Wed, 1 October 2014
Above Toronto's Glad Day Bookshop, Colin Marshall talks to Jaime Woo, writer, game designer, co-founder of the Toronto video game festival Gamercamp (the next edition of which happens this month), and author of Meet Grindr: How One App Changed the Way We Connect. They discuss taking the measure of a city by firing up Grindr and examining its men; things people have figured out how to use the app for other than hooking up and sending "a slew of dick pics"; how such apps have illustrated the decreased yet increase importance of living in particular places; the changing signifiers of queer culture, offline and on; how he views the must-touted "multiculturalism" of Toronto; what his 13-year-old self growing up in the suburbs would have thought about Grindr; the app's stark limitations as advantages that counteract our impulse to too-narrowly define our desires; how to learn about Toronto by observing the couples in its advertisements; the ever-present "distance" in the city, which guards against trends that miss but also prevent the ones that make homeruns; Grindr as a video game, his history with gaming, and what let him to co-found Gamercamp; his mission to bring the novelty and "whimsy" back to gaming, included but not limited to his creation of a new physical game based on the idea of social distance"; how a set of rules forms a system, how that system makes an experience, and when we call that experience a game; and the strategies one can follow to better understand the "rules" of a system like Toronto.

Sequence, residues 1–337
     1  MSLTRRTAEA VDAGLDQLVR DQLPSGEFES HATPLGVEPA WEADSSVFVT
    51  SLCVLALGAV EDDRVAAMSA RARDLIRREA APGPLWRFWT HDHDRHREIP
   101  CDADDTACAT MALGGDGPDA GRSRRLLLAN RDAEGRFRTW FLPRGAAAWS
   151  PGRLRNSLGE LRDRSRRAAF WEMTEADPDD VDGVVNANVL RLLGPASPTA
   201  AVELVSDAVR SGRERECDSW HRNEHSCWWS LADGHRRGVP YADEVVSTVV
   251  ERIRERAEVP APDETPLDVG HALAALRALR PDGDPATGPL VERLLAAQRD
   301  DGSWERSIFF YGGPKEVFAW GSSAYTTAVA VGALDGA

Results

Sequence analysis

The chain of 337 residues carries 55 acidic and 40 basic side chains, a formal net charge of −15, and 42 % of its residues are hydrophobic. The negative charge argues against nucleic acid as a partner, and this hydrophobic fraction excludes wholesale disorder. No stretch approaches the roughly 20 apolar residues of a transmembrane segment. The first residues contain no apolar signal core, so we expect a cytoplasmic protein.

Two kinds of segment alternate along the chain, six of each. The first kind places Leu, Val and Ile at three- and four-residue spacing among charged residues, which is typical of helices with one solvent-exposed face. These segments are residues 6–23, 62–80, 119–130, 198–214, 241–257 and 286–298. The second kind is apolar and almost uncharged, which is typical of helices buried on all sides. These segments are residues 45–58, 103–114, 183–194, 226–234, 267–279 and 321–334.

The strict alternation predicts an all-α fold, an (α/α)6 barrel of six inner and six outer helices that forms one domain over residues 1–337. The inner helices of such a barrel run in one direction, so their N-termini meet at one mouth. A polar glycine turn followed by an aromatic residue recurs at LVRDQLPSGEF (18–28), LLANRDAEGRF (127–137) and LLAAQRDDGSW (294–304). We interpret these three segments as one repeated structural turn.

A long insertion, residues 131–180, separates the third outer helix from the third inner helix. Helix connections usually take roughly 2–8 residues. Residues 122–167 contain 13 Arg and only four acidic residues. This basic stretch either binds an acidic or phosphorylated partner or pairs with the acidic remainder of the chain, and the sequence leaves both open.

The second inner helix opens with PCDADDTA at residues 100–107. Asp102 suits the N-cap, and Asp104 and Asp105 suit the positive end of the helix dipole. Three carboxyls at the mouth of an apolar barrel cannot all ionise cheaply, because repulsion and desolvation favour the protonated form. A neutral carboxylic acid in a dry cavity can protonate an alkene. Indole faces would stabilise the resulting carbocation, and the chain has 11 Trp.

Direct download: NCC_S4E55_Jaime_Woo.output.mp3
Category:general -- posted at: 7:37pm UTC